Sunday, December 12, 2010

Failure doesn't teach kids, WE do.

I am a terrible cook.  While I DO consider myself to be a bit of a whiz on the barbeque (meaning I seem to be able to convince most guests to eat most bits of beef or processed meat that I churn out on the grill), I am not very talented when it comes to cooking of an indoor nature.  I am a heck of a dishwasher and cleaner-upper, and quite a housecleaner and lawn technician, so I do have some value in my household.  But make no mistake, I fail miserably when it comes to the culinary arts.

Imagine that you are cooking-challenged like me, but you have decided to surprise your spouse and make dinner.  Although you really despise cooking, your spouse is absolutely deserving of your efforts in trying to make a sumptuous meal. You carefully select a recipe, sneak out to buy the ingredients, and painstakingly follow each step laid out in the cookbook.  As the entree is baking in the oven, you set the table, shine the cutlery, try to fold the napkins into some sort of linen flamingo, and polish the wine glasses.  Candles and a twelve lemon centre piece, and it's all set.  You can't wait to see the look on your spouse's face because you have truly given this endeavor your all.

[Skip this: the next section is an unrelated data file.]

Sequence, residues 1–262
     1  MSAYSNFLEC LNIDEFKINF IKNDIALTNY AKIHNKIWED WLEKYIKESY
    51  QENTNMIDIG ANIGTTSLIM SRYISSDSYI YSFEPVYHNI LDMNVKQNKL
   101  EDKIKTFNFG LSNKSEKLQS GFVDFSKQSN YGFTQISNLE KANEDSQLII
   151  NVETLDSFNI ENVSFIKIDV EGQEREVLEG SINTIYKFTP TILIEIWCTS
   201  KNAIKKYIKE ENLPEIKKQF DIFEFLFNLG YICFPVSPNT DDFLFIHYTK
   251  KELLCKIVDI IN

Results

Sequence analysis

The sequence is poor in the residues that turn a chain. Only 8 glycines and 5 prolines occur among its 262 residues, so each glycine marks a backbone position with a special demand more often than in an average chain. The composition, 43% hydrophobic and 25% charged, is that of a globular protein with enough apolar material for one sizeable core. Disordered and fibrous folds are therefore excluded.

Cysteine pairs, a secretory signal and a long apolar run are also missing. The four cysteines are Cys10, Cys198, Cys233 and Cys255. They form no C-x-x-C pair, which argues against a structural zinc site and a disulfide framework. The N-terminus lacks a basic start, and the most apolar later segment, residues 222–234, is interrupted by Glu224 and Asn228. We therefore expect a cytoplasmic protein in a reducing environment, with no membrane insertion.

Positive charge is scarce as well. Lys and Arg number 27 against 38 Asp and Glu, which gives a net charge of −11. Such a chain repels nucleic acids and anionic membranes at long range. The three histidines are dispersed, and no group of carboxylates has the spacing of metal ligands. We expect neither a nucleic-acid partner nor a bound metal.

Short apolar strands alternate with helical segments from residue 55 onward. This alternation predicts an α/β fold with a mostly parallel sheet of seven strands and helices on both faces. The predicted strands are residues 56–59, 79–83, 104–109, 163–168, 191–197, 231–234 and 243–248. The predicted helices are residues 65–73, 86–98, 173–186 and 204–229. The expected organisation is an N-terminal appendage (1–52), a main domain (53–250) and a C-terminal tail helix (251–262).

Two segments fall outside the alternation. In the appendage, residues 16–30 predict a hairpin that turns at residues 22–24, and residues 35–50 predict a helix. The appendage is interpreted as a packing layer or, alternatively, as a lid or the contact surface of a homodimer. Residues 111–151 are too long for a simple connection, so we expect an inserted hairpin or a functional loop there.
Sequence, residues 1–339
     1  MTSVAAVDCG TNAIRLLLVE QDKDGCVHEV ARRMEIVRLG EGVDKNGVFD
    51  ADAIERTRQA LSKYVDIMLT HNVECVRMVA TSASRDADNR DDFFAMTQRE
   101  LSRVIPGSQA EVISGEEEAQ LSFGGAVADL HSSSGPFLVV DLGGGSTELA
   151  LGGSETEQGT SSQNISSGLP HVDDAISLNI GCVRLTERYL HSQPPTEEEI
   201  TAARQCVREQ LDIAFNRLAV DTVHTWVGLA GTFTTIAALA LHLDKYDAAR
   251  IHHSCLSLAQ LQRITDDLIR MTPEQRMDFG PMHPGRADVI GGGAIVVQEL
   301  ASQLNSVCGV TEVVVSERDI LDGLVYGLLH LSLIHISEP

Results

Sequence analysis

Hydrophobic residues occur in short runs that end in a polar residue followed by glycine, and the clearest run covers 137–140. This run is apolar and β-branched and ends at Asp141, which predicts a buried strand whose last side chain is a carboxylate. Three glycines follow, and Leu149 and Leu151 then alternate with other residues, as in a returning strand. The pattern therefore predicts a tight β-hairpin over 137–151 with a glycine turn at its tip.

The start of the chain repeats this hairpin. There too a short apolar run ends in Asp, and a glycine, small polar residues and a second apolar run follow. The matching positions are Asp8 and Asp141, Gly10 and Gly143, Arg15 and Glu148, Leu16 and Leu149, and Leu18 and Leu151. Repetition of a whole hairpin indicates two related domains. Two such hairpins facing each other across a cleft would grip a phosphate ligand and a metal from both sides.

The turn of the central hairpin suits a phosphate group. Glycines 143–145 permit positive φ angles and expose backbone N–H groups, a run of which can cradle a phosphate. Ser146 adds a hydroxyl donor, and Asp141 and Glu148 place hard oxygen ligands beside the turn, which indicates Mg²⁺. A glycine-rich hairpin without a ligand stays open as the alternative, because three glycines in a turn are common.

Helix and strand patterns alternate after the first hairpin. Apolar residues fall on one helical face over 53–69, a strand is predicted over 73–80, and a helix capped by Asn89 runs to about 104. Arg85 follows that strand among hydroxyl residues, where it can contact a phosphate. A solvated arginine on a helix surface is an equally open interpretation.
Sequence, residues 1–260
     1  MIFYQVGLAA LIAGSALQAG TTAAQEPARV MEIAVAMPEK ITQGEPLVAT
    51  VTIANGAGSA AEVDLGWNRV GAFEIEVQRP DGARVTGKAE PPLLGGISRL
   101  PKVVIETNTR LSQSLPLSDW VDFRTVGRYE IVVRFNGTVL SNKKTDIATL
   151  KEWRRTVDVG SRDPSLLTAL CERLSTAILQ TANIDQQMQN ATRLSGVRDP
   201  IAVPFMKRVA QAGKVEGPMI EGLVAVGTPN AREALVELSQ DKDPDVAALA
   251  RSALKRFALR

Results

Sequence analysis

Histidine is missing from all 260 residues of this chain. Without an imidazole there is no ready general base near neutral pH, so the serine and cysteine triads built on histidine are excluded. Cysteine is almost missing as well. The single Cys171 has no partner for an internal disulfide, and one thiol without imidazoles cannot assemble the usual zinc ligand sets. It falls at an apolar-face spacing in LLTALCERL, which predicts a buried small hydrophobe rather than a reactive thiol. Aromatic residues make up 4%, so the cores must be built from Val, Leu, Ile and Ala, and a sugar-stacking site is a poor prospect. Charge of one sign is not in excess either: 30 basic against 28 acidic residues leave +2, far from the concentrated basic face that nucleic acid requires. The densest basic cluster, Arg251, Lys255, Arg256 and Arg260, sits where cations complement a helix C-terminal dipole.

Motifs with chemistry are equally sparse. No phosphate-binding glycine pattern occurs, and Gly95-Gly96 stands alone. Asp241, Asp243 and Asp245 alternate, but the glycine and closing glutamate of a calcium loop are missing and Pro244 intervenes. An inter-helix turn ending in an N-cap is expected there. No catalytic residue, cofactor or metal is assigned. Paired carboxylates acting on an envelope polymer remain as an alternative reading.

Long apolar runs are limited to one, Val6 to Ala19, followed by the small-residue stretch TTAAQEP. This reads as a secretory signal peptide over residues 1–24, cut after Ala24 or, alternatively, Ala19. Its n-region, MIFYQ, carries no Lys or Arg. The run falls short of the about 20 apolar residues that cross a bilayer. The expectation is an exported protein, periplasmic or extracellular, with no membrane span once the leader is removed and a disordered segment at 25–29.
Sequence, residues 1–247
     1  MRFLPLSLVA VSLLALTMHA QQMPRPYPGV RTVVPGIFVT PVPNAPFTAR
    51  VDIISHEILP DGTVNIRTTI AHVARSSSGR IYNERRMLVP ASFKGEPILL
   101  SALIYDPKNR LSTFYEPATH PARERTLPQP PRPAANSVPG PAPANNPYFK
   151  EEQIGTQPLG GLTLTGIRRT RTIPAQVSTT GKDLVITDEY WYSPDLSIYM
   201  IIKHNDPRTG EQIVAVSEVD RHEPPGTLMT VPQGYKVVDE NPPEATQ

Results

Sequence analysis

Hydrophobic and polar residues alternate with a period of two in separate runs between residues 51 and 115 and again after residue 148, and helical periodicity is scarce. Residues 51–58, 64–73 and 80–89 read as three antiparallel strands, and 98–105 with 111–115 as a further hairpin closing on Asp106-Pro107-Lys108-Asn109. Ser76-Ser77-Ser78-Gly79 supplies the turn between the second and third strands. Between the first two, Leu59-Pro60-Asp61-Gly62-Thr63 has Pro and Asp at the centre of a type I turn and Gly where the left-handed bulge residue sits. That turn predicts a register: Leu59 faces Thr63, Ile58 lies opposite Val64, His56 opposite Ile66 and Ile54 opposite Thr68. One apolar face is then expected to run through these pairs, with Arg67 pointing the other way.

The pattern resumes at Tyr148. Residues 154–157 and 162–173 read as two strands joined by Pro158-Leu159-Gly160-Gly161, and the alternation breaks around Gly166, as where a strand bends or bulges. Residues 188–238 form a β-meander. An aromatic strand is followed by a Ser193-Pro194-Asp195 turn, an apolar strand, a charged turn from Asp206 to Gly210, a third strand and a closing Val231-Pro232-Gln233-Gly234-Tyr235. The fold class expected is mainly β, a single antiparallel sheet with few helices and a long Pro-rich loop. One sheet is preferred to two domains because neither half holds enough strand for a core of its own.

But imagine that when your wife comes home, the first comment she makes is "What stinks?".  She then walks up the stairs and says "I really needed those lemons, you know." when she looks at the table.  She comments on the fact that you used the cheap forks and knives, and that the wine glasses are actually the martini glasses and not suitable for the wine.  And when she sits down and samples the meal that you spent hours on your own trying to concoct especially to meet her needs and you ask her how she likes it, she turns and looks at you and says "I would give this meal a 3 out of 10.  I think you need to re-do it." 

How would you feel about cooking dinner in the future?  Imagine the special set of skills that you would need to call from your reserves to be able to rebound from this evaluation to want to come back and cook again for your spouse.  I am going to guess that even as a well-adjusted and confident adult, this single experience would haunt you (and your spouse) for years.  You failed at cooking dinner.